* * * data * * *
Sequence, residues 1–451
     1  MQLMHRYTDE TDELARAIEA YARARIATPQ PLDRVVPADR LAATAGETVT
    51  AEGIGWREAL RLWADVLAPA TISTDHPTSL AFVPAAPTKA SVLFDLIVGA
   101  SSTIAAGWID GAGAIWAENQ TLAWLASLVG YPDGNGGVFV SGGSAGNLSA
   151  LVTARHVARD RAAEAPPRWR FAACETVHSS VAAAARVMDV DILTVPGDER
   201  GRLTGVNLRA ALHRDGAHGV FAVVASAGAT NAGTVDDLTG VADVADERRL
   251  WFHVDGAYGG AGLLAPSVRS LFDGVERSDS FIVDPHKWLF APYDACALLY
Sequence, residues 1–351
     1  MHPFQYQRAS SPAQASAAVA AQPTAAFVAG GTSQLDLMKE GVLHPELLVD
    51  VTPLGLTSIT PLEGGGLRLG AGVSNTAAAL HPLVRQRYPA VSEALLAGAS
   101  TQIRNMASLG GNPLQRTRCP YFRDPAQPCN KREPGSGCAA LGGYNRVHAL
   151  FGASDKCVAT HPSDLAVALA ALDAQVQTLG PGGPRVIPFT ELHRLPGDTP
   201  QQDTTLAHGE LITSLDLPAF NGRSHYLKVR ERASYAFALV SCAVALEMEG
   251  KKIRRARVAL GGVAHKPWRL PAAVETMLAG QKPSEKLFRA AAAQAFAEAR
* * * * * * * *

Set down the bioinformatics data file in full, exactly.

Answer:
Sequence, residues 1–451
     1  MQLMHRYTDE TDELARAIEA YARARIATPQ PLDRVVPADR LAATAGETVT
    51  AEGIGWREAL RLWADVLAPA TISTDHPTSL AFVPAAPTKA SVLFDLIVGA
   101  SSTIAAGWID GAGAIWAENQ TLAWLASLVG YPDGNGGVFV SGGSAGNLSA
   151  LVTARHVARD RAAEAPPRWR FAACETVHSS VAAAARVMDV DILTVPGDER
   201  GRLTGVNLRA ALHRDGAHGV FAVVASAGAT NAGTVDDLTG VADVADERRL
   251  WFHVDGAYGG AGLLAPSVRS LFDGVERSDS FIVDPHKWLF APYDACALLY
Sequence, residues 1–351
     1  MHPFQYQRAS SPAQASAAVA AQPTAAFVAG GTSQLDLMKE GVLHPELLVD
    51  VTPLGLTSIT PLEGGGLRLG AGVSNTAAAL HPLVRQRYPA VSEALLAGAS
   101  TQIRNMASLG GNPLQRTRCP YFRDPAQPCN KREPGSGCAA LGGYNRVHAL
   151  FGASDKCVAT HPSDLAVALA ALDAQVQTLG PGGPRVIPFT ELHRLPGDTP
   201  QQDTTLAHGE LITSLDLPAF NGRSHYLKVR ERASYAFALV SCAVALEMEG
   251  KKIRRARVAL GGVAHKPWRL PAAVETMLAG QKPSEKLFRA AAAQAFAEAR